Madinat al-Muslimeen Islamic Message Board
|The power of ethos...|
|07/21/01 at 01:44:07|
[i]Ethos[/i]:the distinguishing character, sentiment, moral nature, or guiding beliefs of a person, group, or institution
In other words, [i]ethos[/i] can be thought of as your credibility. How credible are you? And perhaps more importantly, how credible can you portray yourself to be?
We may not notice it much, but the [i]way[/i] we carry ourselves, the [i]way[/i] we dress, the [i]way[/i] we write, the [i]way[/i] we talk, etc, are often as compelling,if not more compelling to our audience when we're trying to prove an argument then is the actual content of our argument. Consider if you will, the following examples.
Gary Condit, conservative Democratic Senator, upstanding citizen, hasn't lost an election in 26 years, overall--a great guy. He had what most would consider very good ethos. Recently he has scandalously revealed his extra-marital relations with MANY women, the most famous of which is the missing Ms. Chandra Levy. He is now facing the possiblity of being charged as an accessory to the disappearence of this young lady.
George Bush Jr., a goofy, smily, nice guy. Not the sharpest tool in the shed perhaps, but he is carrying a Yale degree under his belt. His ethos level? Waay down. Has he done anything scandalous? (Besides the DUI thing, which most Americans have forgiven and forgotten) Not by the American standards..yet. His problem? People just don't take him seriously because he hasn't proven himself as a serious character.
If you submit a resume chocked full of mistakes, it somehow seems to reflect on your work ability, and most employers would toss it out without a second look.
I am from Alabama, a state synonymous with the "Southern Drawl." Because this accent connotates a lack of education and even racism, my Speech professor told us that if we wanted to improve our ethos when speaking to a diverse audience--we'd have to lose the accent. (One I don't have by the way! :))
Let me give an example that will perhaps ring closer to home. Many of you reading this are probably frequent visitors of this board. There are certains posters whose posts and ideas you would readily agree with, and there are others, whose ideas you would doubt *perhaps* simply on the basis of presentation. Now I am not putting down anyone's posting habits--as this is not an academic environment where such standards are imposed; I am simply making an observation. When a poster uses proper English and proper spelling and grammatical standards, his/her ideas and views are often taken more seriously than those posts which are grammatically undecipherable or written in "Internet Lingo".
So essentially, the reason I posted this was because, I really think the Greeks were on to something. Sometimes we get so passionately involved in our theories and ideas, that we don't spend much time on our actual presentation. When we want to give Dawah, are we dressed appropriately? Are we speaking in coherent, well-developed English sentences? Are we articulating our words, sounding out EACH syllable knowing that every word was vital? Now this might all sound worldly and irrelevant, but it is a standard that was upheld by none other than Prophet Muhammad (SA) himself. Of course in addition to all of this, we have to be well-versed in the information we are divulging, and we have to act in a matter befitting of our deen. This however, goes almost without saying, and pretty much no one would argue it.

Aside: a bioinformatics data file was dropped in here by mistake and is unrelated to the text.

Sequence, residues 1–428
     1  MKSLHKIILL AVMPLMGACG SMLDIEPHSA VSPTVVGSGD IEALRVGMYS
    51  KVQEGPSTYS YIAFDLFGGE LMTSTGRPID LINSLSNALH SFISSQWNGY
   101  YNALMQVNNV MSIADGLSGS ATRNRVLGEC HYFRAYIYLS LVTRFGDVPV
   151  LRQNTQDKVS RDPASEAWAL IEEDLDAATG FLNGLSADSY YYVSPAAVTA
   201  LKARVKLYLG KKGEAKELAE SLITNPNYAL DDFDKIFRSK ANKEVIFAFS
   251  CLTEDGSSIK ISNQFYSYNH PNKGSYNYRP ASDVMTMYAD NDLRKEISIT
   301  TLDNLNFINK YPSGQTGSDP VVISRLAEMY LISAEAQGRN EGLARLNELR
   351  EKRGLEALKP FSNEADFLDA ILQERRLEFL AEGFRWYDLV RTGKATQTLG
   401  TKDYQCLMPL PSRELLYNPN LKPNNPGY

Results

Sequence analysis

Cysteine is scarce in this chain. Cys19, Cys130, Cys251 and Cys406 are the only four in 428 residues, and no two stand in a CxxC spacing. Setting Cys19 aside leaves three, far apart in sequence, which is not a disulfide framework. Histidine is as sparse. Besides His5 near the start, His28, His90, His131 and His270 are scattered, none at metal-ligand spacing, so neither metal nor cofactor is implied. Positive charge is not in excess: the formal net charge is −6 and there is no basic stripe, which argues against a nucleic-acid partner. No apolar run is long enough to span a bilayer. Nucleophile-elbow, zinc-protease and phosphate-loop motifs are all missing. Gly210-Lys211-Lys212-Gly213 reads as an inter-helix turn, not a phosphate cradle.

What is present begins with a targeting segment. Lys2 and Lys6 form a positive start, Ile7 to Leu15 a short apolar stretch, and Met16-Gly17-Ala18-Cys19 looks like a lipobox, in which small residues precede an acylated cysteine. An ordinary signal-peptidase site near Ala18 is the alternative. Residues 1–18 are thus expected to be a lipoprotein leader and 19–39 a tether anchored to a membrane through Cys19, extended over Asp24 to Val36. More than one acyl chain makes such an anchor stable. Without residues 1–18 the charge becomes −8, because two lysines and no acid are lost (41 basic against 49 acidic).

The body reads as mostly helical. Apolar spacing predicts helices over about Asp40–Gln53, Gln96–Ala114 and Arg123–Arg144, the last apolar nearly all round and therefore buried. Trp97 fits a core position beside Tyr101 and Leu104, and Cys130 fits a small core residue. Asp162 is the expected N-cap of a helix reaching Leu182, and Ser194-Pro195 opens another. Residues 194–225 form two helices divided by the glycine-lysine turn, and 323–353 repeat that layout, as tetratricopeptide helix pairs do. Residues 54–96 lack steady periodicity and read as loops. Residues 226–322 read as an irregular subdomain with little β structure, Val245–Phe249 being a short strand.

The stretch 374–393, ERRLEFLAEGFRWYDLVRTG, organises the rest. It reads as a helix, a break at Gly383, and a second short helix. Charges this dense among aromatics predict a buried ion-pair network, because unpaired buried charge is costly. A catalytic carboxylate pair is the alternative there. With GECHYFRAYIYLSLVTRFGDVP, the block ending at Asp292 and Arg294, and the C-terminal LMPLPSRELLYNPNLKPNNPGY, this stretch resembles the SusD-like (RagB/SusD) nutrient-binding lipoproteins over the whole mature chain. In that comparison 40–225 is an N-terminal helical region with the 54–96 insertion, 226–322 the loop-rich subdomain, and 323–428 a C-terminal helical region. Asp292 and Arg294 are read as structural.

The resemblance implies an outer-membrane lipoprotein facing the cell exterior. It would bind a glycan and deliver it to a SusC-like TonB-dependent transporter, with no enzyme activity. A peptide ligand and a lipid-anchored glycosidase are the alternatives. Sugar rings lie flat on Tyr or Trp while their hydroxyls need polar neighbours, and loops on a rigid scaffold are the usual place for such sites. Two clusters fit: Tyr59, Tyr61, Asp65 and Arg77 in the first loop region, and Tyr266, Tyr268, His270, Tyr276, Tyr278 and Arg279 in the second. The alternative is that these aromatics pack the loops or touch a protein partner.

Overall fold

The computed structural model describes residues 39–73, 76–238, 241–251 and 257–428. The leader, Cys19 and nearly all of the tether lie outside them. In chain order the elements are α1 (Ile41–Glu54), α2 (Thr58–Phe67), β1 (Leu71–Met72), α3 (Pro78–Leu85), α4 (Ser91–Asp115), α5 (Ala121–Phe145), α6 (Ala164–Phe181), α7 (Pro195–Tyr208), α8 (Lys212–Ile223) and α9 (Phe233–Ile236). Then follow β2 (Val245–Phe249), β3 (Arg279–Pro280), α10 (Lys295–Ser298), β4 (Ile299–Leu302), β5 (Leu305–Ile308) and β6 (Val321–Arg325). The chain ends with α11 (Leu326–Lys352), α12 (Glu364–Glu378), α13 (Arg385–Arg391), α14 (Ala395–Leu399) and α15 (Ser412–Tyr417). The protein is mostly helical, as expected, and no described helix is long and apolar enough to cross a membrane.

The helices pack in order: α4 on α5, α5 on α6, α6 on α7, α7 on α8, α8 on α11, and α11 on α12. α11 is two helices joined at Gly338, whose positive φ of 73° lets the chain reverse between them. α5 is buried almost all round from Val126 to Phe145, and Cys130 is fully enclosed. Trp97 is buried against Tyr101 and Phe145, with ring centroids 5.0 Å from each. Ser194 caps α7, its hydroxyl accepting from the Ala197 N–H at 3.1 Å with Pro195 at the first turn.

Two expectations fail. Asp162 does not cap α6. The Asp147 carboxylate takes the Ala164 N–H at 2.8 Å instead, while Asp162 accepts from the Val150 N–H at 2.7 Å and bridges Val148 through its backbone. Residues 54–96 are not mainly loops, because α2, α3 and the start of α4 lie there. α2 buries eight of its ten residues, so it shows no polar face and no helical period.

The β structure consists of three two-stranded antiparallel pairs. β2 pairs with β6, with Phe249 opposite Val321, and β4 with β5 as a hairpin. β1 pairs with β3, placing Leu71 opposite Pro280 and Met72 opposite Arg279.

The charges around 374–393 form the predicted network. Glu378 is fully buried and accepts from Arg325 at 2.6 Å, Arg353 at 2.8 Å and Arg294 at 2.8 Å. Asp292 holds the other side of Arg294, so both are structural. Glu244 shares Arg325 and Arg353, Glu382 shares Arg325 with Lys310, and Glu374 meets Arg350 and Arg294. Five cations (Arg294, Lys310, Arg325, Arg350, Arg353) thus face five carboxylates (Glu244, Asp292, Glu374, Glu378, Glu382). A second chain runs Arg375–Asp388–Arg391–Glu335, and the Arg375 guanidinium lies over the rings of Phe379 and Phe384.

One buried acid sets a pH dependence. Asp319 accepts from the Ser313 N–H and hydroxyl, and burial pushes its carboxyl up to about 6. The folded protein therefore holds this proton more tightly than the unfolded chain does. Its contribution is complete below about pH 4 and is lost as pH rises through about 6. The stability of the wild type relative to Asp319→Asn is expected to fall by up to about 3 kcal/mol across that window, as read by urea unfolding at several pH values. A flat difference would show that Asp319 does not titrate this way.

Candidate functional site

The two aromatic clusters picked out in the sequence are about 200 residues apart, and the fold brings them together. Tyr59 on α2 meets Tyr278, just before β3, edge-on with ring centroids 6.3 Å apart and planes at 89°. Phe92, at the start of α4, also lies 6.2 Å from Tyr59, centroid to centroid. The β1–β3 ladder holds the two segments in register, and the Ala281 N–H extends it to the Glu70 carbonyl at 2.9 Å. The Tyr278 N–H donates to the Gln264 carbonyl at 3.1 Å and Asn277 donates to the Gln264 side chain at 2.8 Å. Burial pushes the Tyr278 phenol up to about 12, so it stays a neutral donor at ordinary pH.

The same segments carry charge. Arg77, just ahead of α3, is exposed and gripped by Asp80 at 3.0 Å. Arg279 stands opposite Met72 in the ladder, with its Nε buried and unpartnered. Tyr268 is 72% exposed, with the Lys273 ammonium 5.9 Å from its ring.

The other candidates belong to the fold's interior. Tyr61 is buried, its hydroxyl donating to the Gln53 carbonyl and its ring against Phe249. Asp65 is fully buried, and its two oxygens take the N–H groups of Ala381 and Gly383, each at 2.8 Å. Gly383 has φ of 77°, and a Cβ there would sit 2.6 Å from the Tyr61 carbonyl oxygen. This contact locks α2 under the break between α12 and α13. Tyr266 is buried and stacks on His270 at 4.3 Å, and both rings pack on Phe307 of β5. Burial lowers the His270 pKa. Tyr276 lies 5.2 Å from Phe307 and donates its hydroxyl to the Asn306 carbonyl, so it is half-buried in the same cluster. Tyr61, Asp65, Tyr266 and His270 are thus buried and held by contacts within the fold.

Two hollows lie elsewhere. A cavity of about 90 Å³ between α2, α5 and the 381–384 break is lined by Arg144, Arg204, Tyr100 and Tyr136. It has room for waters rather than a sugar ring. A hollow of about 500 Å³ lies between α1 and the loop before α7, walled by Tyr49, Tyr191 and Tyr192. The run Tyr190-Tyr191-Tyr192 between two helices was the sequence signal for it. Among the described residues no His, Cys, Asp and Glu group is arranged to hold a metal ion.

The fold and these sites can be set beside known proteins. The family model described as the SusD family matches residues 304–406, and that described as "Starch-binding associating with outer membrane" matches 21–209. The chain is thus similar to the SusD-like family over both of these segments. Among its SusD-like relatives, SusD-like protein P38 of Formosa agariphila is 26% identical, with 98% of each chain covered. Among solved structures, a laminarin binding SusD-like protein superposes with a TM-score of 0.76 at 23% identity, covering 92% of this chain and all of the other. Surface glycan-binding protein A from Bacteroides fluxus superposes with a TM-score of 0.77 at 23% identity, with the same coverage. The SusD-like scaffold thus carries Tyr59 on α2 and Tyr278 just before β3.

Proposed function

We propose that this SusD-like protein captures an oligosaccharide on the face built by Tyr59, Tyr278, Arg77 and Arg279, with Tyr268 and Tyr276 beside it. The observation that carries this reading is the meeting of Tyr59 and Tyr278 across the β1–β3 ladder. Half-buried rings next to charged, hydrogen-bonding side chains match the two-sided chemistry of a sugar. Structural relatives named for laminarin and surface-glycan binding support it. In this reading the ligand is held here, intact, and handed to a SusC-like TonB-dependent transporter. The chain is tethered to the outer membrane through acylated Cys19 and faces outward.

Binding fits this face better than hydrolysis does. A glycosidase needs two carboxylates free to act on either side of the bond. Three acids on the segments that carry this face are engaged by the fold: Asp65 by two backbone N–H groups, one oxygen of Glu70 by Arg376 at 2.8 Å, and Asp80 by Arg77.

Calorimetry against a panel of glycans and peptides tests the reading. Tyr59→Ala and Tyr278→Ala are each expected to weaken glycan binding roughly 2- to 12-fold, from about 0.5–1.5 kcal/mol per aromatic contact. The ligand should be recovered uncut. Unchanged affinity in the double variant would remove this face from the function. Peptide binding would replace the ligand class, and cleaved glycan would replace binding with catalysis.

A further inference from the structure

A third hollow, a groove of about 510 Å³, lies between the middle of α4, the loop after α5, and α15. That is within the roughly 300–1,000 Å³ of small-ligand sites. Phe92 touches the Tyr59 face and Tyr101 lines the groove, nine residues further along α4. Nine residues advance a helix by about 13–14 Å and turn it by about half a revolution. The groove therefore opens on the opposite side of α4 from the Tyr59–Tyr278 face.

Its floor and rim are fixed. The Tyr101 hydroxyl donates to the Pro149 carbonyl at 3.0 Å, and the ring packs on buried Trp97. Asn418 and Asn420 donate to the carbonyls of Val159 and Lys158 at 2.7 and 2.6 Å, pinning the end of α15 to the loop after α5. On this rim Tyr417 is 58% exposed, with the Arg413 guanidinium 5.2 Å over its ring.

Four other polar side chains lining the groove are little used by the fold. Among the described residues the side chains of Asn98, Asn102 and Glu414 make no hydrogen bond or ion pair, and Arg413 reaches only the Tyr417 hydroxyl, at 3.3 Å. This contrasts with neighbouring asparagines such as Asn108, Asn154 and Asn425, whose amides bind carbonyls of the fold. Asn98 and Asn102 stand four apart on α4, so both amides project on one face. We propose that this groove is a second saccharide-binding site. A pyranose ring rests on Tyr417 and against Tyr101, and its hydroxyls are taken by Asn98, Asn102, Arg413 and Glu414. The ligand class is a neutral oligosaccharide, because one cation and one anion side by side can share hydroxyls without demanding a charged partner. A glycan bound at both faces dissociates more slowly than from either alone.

An interesting thing to note would be that ethos is often miscalculated, ie, someone has high credibility when they don't deserve it and vice versa. Just look at some of the examples given above. This does not, however, mean that ethos is a bad thing.
Now ethos is not something that is important only when giving dawah. We should maintain a certain level of ethos in all walks of our life.
I have flirted with the issue above, but I will lay it out plainly now. Maintaining your credibility is a two part process. Not only do you have to *know* your stuff, but you have to present it in a way that is pleasing.
I mention all of this because of one of my favorite verses from the Quran.
[i]"Ye are the best of peoples, evolved for mankind, enjoining what is right, forbidding what is wrong, and believing in Allah." 3:110[/i]
We are the [i]best[/i]. This means we strive to walk the best, to talk the best, to learn the best, to eat the best, to teach the best ,to live the best etc...
We have a message to get across; this means we have to get people to listen. Which means we have to earn credibility.
So what do you guys think? How can we, as Muslims, strive to be the BEST..in even the smallest of things?
|Re: The power of ethos...|
|07/21/01 at 16:21:29|
Mash Allah! What a wonderful post and certainly an important and interesting topic!
How to be the best? I think striving to be the best is very important. Not to say "oh..I'm the best" and to sit back and enjoy life.
Remembering Allah, Muhammad and the Sunnah in every small part of every day is a good start.
Being a good example to our fellow Muslims and non-Muslims alike.
More I don't know, and will leave it at that, because if I've learned one thing from this board it's to keep your mouth shut if you don't know what you're talking about!
|Re: The power of ethos...|
|07/23/01 at 02:24:24|
[i]Innallaaha katabal iHsaana 3alaa kulli shay'in[/i]
Indeed Allah has ordained excellence in everything.
Is it a hadith or ayah? Can't remember. I think it's relevant here!
More later, insha Allah ...
Great topic starter Nazia.
|Re: The power of ethos...|
|07/24/01 at 21:27:14|
|When we want to give Dawah, are we dressed appropriately? Are we speaking in coherent, well-developed English sentences?|
Great Nazia! Now I will have to write on this message board as if writing a paper for a class.
Thank you for pointing it out. *sigh* :)
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